Weight lifting and resistance exercise can help you quit smoking. Study finds that smokers who regularly lifted weights are more likely to quit smoking.

An estimated 46 million people, or 20.6% of all adults (aged 18 years and older), in the United States smoke cigarettes, according to the CDC.

The pilot study is the first of its kind to examine resistance training as an aid to a smoking cessation. The study finds that male and female smokers who completed a 12-week resistance training regimen as part of a standard smoking cessation program were 2 times more likely to quit smoking compared to those who did not regularly have resistance training.

"We need any new tools that can help smokers successfully quit and it appears resistance training could potentially be an effective strategy." Said lead author of the study, Joseph Ciccolo, Ph.D., an exercise psychologist, researcher and physiologist with The Miriam Hospital's Centers for Behavioral and Preventive Medicine

In the study, 25 male and 25 female smokers who smoked five cigarettes a day for the past year or more received a smoking cessation, a counseling session, and a supply of nicotine patches before being randomized into two groups: resistance study and control group.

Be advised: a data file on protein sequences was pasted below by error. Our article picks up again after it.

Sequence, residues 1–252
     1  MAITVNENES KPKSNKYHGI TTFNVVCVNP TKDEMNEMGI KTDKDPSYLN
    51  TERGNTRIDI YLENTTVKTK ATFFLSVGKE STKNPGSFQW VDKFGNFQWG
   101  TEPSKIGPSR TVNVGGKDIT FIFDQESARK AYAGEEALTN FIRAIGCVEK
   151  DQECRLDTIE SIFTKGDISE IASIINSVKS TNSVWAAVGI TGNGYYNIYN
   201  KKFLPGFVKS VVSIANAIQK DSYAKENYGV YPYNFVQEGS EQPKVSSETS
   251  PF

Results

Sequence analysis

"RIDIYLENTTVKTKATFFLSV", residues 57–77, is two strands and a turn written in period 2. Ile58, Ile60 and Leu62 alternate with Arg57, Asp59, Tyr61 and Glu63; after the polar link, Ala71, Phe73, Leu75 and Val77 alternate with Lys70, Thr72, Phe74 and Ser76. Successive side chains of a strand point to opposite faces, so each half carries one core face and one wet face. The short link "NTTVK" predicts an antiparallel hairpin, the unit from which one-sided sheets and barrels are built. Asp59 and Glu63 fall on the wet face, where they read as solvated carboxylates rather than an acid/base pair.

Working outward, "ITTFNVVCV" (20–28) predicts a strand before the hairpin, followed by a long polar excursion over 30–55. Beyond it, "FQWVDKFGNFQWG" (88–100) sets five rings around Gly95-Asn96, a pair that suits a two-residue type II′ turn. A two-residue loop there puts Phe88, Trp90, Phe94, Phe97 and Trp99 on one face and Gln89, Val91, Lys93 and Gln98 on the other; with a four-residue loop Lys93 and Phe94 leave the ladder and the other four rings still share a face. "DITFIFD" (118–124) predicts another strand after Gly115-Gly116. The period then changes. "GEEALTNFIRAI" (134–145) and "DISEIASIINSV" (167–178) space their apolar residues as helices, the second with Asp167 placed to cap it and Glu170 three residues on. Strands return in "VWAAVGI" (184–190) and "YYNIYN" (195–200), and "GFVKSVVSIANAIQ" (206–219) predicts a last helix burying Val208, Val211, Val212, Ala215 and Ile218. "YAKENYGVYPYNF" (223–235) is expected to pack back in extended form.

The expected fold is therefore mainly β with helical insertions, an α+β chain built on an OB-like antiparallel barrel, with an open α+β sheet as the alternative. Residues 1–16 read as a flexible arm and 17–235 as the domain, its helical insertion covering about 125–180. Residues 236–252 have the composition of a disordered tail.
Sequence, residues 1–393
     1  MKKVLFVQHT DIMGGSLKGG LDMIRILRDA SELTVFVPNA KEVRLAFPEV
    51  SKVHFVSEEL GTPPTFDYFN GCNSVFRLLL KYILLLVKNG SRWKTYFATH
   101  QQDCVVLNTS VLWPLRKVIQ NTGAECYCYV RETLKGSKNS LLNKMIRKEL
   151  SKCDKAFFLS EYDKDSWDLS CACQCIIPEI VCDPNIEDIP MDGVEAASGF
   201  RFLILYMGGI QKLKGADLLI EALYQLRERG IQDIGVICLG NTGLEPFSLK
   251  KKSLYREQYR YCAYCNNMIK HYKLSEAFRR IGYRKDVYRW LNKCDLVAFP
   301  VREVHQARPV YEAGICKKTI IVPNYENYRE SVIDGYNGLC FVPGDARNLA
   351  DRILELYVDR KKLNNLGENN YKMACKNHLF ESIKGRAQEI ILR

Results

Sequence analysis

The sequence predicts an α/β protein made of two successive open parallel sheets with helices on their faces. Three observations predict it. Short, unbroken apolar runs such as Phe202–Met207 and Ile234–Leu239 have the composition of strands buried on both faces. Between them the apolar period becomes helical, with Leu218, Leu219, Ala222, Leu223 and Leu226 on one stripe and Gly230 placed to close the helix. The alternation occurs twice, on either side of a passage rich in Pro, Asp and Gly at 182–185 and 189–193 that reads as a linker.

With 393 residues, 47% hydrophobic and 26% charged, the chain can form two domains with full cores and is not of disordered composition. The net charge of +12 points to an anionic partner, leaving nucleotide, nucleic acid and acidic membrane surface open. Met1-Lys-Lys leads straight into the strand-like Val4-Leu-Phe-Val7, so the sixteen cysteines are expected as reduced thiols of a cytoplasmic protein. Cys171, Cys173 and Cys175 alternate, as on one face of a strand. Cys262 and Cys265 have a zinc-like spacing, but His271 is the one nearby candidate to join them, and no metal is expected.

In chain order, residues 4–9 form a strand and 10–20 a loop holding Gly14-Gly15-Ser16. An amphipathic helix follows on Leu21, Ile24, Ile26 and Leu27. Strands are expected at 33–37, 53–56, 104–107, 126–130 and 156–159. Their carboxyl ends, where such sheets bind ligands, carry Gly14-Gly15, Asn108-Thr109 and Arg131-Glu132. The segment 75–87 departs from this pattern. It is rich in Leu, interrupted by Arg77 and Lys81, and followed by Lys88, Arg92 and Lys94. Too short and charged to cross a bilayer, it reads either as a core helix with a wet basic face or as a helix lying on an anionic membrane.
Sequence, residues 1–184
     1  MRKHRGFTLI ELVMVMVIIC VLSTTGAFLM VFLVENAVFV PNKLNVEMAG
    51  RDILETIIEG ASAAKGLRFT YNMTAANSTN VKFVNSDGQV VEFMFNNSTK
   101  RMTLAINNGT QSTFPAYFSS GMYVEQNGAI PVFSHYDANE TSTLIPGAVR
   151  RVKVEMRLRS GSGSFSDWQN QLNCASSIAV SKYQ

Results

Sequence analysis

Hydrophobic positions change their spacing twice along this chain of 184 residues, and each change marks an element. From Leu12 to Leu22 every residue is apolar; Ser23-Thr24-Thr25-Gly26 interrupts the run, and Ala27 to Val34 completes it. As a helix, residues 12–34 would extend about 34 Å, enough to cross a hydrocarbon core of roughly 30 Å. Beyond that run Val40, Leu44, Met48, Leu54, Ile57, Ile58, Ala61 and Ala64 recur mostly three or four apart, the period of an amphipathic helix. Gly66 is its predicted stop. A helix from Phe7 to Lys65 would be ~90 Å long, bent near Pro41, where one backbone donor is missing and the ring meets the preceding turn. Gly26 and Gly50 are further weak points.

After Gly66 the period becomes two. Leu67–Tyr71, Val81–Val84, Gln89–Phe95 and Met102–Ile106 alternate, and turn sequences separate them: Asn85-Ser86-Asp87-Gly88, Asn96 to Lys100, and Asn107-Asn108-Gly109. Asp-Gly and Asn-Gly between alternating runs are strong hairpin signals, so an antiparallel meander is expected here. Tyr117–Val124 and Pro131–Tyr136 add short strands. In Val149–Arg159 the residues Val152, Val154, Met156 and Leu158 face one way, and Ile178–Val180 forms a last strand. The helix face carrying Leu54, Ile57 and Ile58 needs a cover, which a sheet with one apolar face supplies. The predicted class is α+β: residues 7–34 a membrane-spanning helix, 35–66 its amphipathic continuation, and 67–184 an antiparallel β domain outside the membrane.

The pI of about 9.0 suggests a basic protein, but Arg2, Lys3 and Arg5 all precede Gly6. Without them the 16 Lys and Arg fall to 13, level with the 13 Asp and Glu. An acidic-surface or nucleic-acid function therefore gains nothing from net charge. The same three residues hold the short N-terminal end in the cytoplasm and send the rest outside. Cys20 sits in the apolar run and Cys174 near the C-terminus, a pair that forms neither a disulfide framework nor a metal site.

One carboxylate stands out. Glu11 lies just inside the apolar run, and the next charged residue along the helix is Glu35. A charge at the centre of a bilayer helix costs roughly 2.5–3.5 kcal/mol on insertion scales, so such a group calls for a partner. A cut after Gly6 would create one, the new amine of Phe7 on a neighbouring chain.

The resistance study group had two 60-minute training sessions per week for 12 weeks. Routines involved exercise and gradual increase in weight and strength every three weeks. The control group watched health and wellness videos.

At the end of the 12 week study, 16 percent of smokers in the resistance training group had quit smoking and decrease the amount of body weight and fat. In contrast, the control group had 8 percent of the people quit smoking. Also, after 3 months of the study 15 percent of the resistance training group remained cigarette free compared to 8 percent of the controlled group.

Although Ciccolo says the study's results are "promising," he cautions that further research is needed before resistance training can be used as a clinical treatment for a smoking cessation.